2-1-2 Stack vs Spread
There are two types of 2-1-2 set-ups; the “stack,” where the first two players enter the zone on the same side of the ice, the first player hits and pins, the second player takes the puck; and the “spread,” where the first player attacks the puck carrier, and the second player eliminates the D to D pass (this is what the Kings are using in this clip).

See our video on the 2-1-2 Forecheck here: 2-1-2 Stack & Spread Explanation

2-1-2 “Spread” Explained
The key to an effectice 2-1-2 “Spread” is for F1 (the first forward on the attack) come in aggressive. If F1 is lazy geting in, the play won’t work. F2 must also get in hard and take away the D to D pass. F3 reads F1’s forechecking angle, and takes away the strong side breakout. If done properly, there’s nothing the opposing defenseman can do except try to force a pass up the strong side, or dump it out of the zone.

Strategically…
The 2-1-2 is a great forecheck to set an aggressive tone at the beginning of a game. If your players are in good enough shape, and can execute it consistently, you can stick with it for an entire game. But I recommend having another forecheck to fall back on if the 2-1-2 starts getting sloppy.

Enjoy!

How to Beat a 2-1-2 Forecheck




How to Beat a 2-1-2 Forecheck

During the 2012 Stanley Cup Playoffs, I did a video dissection of Ryan Carter’s game-winning goal against the New York Rangers. The video got quite a few hits that night, and I had a number of requests to dissect the play from the defensive point of view. People wanted to know what went wrong, and what the Rangers could have done differently to prevent the goal. So I put together a follow up video, showing how I would have beaten the 2-1-2 Forecheck the Devils were using. Since we’re ramping up for the new season, I thought it would be a good idea to brush up on beating the most commonly run forechecking system, the 2-1-2.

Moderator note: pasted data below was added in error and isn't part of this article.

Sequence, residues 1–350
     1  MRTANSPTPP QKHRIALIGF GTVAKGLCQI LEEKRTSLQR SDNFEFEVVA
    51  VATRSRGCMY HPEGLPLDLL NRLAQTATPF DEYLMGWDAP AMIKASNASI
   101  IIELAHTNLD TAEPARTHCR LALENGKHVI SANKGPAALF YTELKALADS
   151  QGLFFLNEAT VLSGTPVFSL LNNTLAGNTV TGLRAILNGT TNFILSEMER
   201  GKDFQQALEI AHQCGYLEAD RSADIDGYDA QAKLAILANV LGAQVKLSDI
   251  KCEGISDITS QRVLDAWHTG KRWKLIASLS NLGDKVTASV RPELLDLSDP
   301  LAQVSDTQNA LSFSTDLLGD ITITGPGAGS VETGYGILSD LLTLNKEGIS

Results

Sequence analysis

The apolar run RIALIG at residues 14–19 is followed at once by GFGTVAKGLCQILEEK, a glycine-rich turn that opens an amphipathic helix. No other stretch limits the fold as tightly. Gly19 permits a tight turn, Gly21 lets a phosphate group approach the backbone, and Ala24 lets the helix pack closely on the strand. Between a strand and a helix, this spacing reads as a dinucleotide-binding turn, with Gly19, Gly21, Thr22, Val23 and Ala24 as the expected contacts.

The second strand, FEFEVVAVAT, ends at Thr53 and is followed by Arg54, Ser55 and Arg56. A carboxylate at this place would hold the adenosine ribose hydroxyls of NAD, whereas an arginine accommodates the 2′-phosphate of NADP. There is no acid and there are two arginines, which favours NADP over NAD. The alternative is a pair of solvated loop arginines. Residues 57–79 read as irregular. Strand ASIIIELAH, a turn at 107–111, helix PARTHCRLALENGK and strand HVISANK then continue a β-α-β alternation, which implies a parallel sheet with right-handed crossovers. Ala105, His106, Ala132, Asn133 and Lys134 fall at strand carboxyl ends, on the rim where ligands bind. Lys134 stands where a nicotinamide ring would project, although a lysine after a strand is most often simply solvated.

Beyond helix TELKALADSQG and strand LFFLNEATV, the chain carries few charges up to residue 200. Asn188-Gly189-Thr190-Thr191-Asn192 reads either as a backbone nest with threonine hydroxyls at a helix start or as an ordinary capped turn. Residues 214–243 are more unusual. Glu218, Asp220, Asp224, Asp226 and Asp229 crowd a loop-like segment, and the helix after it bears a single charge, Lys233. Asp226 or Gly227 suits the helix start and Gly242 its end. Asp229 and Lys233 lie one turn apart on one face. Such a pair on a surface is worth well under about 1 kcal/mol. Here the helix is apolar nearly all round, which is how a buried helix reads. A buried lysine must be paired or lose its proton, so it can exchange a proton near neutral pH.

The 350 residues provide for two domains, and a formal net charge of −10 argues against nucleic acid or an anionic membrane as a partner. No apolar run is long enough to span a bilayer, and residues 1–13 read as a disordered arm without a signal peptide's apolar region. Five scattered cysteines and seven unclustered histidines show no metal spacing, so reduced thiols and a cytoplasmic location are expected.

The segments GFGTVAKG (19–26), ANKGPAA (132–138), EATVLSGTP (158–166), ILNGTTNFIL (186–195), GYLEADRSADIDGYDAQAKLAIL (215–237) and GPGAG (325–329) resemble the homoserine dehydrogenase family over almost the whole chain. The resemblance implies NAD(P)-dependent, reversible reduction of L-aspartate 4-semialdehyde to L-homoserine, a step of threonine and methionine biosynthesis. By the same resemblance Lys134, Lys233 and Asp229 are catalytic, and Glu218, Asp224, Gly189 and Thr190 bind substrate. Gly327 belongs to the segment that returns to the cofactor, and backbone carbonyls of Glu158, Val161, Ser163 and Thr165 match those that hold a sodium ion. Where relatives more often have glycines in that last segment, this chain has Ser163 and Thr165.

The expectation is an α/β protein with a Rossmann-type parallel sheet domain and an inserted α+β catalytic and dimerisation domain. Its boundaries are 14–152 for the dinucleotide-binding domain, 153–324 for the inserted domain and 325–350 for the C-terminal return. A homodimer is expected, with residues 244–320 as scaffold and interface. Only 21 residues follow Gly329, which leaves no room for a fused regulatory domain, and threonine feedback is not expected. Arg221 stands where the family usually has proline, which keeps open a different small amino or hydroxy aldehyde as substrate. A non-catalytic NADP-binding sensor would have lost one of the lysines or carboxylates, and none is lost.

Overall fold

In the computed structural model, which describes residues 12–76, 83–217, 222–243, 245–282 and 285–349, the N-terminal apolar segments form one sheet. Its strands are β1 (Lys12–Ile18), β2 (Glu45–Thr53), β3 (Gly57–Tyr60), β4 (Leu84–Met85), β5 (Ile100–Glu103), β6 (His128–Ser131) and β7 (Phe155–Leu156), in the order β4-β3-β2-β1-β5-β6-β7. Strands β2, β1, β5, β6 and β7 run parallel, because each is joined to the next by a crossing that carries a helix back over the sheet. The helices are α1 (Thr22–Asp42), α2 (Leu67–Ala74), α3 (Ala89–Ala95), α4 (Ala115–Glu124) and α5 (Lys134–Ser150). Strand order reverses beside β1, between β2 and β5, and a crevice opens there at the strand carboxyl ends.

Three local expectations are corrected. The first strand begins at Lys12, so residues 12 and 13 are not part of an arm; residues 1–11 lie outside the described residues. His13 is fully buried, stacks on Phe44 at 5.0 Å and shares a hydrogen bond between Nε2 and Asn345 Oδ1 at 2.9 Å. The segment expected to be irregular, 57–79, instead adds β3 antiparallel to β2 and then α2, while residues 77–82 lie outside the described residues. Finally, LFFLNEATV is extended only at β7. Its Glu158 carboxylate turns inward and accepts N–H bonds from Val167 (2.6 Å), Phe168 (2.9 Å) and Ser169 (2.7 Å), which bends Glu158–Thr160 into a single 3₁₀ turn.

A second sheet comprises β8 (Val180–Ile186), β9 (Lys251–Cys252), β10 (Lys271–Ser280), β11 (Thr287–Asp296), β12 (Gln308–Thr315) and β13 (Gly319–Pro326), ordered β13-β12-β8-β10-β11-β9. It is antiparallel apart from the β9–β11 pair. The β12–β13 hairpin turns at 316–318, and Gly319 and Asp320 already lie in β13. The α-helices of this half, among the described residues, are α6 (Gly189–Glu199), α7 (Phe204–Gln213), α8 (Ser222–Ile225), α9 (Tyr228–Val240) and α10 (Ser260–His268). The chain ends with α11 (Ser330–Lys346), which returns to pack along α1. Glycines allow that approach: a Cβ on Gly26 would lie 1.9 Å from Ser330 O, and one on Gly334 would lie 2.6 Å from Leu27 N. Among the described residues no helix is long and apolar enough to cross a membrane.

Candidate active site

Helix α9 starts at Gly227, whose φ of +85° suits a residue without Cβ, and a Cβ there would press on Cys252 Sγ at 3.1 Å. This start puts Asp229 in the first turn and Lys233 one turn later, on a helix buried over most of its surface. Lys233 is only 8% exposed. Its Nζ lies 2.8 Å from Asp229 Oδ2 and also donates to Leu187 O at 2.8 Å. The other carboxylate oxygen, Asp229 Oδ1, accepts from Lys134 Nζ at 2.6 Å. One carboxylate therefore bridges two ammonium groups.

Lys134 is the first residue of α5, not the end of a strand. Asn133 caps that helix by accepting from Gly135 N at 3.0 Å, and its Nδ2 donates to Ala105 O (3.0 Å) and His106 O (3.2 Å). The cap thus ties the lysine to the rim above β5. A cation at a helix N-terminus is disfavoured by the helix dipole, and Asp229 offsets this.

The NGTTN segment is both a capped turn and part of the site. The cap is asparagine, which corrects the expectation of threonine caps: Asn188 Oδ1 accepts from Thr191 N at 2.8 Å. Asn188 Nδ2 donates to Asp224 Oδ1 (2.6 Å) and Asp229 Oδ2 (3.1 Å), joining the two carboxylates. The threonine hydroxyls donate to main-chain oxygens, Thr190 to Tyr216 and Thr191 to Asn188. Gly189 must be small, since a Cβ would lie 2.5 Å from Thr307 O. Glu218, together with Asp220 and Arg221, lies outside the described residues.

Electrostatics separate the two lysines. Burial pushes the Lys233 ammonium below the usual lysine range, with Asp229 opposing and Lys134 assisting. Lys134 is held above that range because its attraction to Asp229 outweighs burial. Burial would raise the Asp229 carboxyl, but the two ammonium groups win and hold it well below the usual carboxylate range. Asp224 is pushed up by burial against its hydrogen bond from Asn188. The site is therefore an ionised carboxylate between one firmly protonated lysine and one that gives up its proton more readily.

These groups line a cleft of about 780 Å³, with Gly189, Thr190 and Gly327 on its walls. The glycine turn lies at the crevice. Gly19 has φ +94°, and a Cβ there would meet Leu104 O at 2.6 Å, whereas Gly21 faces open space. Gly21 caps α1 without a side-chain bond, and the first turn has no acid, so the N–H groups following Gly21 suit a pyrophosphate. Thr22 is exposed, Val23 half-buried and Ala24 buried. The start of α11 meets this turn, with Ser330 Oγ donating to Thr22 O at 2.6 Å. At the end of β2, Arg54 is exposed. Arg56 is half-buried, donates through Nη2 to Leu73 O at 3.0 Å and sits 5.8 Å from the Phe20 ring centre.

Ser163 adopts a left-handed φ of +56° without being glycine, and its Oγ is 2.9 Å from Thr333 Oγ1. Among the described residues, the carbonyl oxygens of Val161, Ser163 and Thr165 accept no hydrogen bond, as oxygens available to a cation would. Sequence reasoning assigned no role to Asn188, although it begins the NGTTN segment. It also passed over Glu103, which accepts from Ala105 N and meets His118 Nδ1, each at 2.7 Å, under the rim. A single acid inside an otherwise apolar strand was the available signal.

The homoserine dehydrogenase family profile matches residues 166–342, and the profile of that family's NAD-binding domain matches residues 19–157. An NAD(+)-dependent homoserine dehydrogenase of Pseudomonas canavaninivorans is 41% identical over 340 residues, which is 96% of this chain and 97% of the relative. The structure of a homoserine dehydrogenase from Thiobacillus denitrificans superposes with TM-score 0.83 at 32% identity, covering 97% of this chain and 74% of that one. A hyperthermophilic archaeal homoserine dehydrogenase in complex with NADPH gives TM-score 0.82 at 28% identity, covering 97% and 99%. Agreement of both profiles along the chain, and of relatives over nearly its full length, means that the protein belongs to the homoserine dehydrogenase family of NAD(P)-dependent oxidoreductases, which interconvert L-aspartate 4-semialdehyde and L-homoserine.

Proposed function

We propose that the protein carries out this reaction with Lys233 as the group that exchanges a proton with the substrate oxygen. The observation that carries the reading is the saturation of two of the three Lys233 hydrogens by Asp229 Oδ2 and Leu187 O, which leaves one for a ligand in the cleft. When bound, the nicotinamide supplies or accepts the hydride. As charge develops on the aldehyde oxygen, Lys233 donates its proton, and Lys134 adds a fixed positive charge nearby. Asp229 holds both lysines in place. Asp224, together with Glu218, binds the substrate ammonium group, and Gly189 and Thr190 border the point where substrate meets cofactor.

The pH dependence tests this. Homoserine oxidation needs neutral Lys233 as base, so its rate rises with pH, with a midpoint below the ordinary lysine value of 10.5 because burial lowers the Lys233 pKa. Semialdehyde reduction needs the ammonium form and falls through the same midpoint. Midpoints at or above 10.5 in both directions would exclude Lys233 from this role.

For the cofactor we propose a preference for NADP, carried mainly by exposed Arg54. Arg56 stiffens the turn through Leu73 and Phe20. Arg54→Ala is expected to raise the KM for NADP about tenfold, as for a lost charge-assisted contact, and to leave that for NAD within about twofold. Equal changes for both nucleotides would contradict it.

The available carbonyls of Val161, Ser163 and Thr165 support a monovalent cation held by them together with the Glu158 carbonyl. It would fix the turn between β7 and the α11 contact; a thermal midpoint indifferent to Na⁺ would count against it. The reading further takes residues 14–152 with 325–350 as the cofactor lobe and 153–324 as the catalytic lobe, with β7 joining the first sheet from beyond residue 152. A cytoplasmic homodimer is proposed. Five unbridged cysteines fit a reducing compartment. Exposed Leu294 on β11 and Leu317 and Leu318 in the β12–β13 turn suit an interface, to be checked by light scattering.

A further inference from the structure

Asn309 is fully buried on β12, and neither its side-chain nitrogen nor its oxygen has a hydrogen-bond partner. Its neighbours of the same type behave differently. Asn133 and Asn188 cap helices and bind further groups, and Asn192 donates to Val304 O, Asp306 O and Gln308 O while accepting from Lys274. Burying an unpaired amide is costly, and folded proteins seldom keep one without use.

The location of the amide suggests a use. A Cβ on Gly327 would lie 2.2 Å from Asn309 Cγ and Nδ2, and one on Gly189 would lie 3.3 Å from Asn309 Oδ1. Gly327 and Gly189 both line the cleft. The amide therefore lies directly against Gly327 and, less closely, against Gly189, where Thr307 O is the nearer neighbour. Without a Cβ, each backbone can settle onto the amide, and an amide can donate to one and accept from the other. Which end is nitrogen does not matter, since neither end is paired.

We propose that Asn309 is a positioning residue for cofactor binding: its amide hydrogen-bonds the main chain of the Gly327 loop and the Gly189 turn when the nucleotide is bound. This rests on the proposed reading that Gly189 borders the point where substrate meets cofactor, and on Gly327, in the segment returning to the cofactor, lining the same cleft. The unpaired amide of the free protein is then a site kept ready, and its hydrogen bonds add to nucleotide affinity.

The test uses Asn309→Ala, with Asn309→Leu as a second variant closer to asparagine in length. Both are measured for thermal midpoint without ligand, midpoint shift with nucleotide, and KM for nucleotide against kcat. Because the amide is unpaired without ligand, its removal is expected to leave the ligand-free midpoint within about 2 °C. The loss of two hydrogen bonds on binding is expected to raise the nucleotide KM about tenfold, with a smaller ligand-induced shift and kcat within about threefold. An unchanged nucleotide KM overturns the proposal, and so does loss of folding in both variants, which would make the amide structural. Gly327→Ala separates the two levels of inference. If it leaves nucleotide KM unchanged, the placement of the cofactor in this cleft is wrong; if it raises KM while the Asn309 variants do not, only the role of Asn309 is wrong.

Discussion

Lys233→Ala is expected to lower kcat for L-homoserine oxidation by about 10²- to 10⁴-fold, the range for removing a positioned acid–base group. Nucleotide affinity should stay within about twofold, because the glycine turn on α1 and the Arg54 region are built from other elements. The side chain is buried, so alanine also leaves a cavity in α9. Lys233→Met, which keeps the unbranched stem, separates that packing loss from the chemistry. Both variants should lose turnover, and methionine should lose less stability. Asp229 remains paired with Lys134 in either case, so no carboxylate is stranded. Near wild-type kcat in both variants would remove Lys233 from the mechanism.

2-1-2 Stack vs Spread
There are two types of 2-1-2 set-ups; the “stack,” where the first two players enter the zone on the same side of the ice, the first player hits and pins, the second player takes the puck (this is the set-up the Devils use in this clip). In the “spread,” the first player attacks the puck carrier, and the second player eliminates the D to D pass.

See our video on the 2-1-2 Forecheck here: 2-1-2 Stack & Spread Explanation

How to Beat the 2-1-2
The first step to beating the 2-1-2 is for the puck-side defenseman to determine whether the opponent is using a stack or a spread. If he reads stack, he MUST get the puck to his weak-side partner, no matter what it takes! That’s where the open ice is, and that’s where the highest likelihood of a successful breakout lies. If he reads spread, he’ll need to beat his strong-side attacker, either with a misdirection or a reverse pass to the centerman, then break out the strong side.

What went Wrong?
In this clip, you’ll see the Rangers defenseman was more worried about jockeying with the Devils’ first man in, than he was about getting the puck to the weak side. Because of this, he ended up with poor body positioning, and got bombarded by the Devils’ aggressive forecheck. The 2-1-2 worked out in text-book fashion for the Devils, first man hit and pinned, second man picked up the puck and hit the third man coming into the slot for the game-winning goal.